The role of the pleiotroic cytokine transforming growth factor ß1 (TGFß1), a potent inducer of EMT and tumor progression in many types of cancers including breast cancer, has been well documented [14]. TGFß1 belongs to the TGFß superfamily and has been implicated in regulating proliferation, differentiation, adhesion, apoptosis, migration, homeostasis and tissue repair [15]. Binding of TGFß to the TGFß type II receptor (TGFßRII) leads to receptor activation, heterodimerization and phosphorylation of the TGFß type I receptor (TGFßRI) at a glycine-serine rich domain. The TGFßRI can then recruit, phosphorylate and activate the receptor-regulated Smads - Smad2 and Smad3 (R-Smads) - whereby phosphorylated Smad2/3 accumulate in the nucleus and bind to the common partner Smad 4 (co-Smad). These Smad complexes regulate transcriptional activators or repressors of gene expression.

Although TGFß response is growth inhibitory in most epithelial cells, advanced tumors of epithelial origin often show oncogenic responses to TGFß [16]. During mammary gland development, TGFß plays a mostly growth inhibitory role in mammary epithelial cells and is involved in branching morphogenesis, lactation and involution [17]. In breast cancer, TGFß acts as a tumor suppressor during early stages of cancer development. In contrast, TGFß acts as a tumor promoter at later stages of tumorigenesis and promotes metastatic spread [16], [18].

This paradoxical role of TGFß in breast cancer has been widely studied in different models of breast cancer. Tang and colleagues investigated TGFß response using a panel of MCF10A-derived cell lines that included the weakly tumorigenic MCF10Ca1h line (designated MIII in this manuscript) which retained tumor suppressor responses to TGFß and the metastatic, highly tumorigenic MCF10Ca1a.cl1 line in which tumor suppressor responses to TGFß were lost and pro-metastatic responses were unmasked [19]. In MMTV-Neu-induced mammary tumorigenesis, activation of the TGFß signaling pathway through the use of an activated TGFßRI resulted in increased lung metastasis, but increased the latency of primary tumor formation, whereas a dominant-negative TGFßRII resulted in the converse effects [20]. Although the existing models to investigate TGFß1 have shed some light into the mechanisms involved in pro-oncogenic vs. tumor suppressive functions, there are some limitations to the established models for studying the effects of TGFßExisting cell lines used to investigate the paradoxical role of TGFß are either derived from different cellular origins or have been manipulated through passage in mice where the cells may undergo additional modifications.

Here we present a novel isogenic cell model system in which only one gene, GATA3, was ectopically expressed in MB-231 cells that dramatically alters the cellular response to TGFßUsing this model system, we have shown that GATA3 alone is sufficient to resensitize this cell line to the cytostatic effects of TGFß and provide a putative mechanism for this change in response to TGFßthrough alterations in the expression of cell cycle regulators and genes that regulate EMT. This model system provides new insights into how a differentiation transcription factor, GATA3, is involved in regulating the TGFß response.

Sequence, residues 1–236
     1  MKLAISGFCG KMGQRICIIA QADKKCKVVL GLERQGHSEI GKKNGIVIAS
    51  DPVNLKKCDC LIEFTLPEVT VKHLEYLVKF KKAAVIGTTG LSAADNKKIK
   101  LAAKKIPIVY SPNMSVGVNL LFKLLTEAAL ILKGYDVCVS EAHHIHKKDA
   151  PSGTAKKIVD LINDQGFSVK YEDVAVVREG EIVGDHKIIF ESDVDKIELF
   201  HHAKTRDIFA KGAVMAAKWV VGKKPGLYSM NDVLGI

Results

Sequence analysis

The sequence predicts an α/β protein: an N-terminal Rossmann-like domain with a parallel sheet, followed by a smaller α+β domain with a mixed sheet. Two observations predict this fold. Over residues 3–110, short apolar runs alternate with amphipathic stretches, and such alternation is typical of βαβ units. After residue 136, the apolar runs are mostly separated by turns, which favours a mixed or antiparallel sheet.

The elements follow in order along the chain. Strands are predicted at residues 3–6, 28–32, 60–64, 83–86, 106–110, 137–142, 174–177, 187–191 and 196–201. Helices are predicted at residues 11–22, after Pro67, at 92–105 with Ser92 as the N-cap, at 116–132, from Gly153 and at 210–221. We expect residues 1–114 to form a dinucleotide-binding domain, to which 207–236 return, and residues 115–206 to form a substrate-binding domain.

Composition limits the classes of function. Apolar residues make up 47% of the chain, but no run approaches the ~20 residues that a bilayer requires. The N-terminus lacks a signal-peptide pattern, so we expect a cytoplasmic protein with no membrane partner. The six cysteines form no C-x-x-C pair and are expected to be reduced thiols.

Materials and Methods

Cell lines, transfection and lentivirus infection

MB-231 cells were obtained from American Type Culture Collection (ATCC) and maintained in DMEM/high glucose media (Life Technologies, Grand Island, NY) supplemented with 10% fetal bovine serum (FBS) (Life Technologies), penicillin/streptomycin (Life Technologies) and sodium pyruvate (Life Technologies). For TGFß1 treatment, cells were grown in DMEM/high glucose supplemented with serum replacement (SR, Sigma, St. Louis, MO) for 24 hrs prior to TGFß1 stimulation. Cells were treated with 2 ng/ml of TGFß. MB-231 cells stably expressing green fluorescent protein (GFP) or the GATA3 transcription factor and GFP were made as previously described [5]. MCF10Ca1h [21] cells were kindly provided by Lalage Wakefield, NCI.

Construction of E-cadherin (CDH11) reporter construct

The E-cadherin reporter construct was generated using the 4 kb promoter fragment upstream of the E-cadherin first exon that was PCR amplified from a BAC genomic DNA template (human BAC 354M1) using the following primers: Forward GAGGTACCTGATACAAGAGAAAA CAGAGGGC and Reverse GAGACGCGTGGCTGGCCGGGGACGCCGAG. The promoter fragment was then cloned into the KPN1 and Mlu1 sites of the PGL3-luciferase reporter plasmid (Promega, Madison, WI).

Luciferase activity

For luciferase activity, 231-Empty and 231-GATA3 cells were seeded on 24 well plates, transfected for 24 hrs with E-cadherin reporter construct and renilla luciferase, samples were collected and luciferase activity measured using Wallac Victor2 (Perkin Elmer, Waltham, MA). Samples were normalized to renilla activity.

Methylation-specific PCR

Cells were treated with vehicle or 5-Aza-2′-deoxycytidine (5-AZA, Sigma) for 4 days prior to DNA isolation. DNA was isolated from stably transduced 231-Empty and 231-GATA3 cells using the DNeasy Blood and Tissue Kit (Qiagen, Valencia, CA) according to the manufacturer's protocol. DNA was sulfonated using the EZ DNA Methylation™ Kit (ZYMO Research, Irvine, CA). Methylation-specific PCR was performed with the following primer sets: 5′- GGTGAATT TTTAGTTAATTAGCGGTAC -3′ and 5′- CATAACTAACCGAAAACGCCG-3′ for methylated CDH1; 5′- GGTAGGTGAATTTTTAGTTAATTAGTGGTA-3′ and 5′- ACCCATAACTAACC AAAAACACCA-3′ for unmethylated CDH1 (211 bp) [22]. Bisulfite-treated DNA was PCR-amplified with annealing temperatures of 57°C for both methylated and unmethylated CDH1 DNA.

Quantitative reverse transcription PCR (Q-RT-PCR)

cDNA was synthesized from 1 µg of total RNA using the Superscript III kit (Life Technologies). Q-RT-PCR was performed using IQ SYBR Green Supermix (Bio-Rad Laboratories, Hercules, CA) and an iCycler Thermal Cycler (Bio-Rad Laboratories). The quantity of mRNA was normalized to the housekeeping gene cyclophilin B.

Immunoblotting and antibodies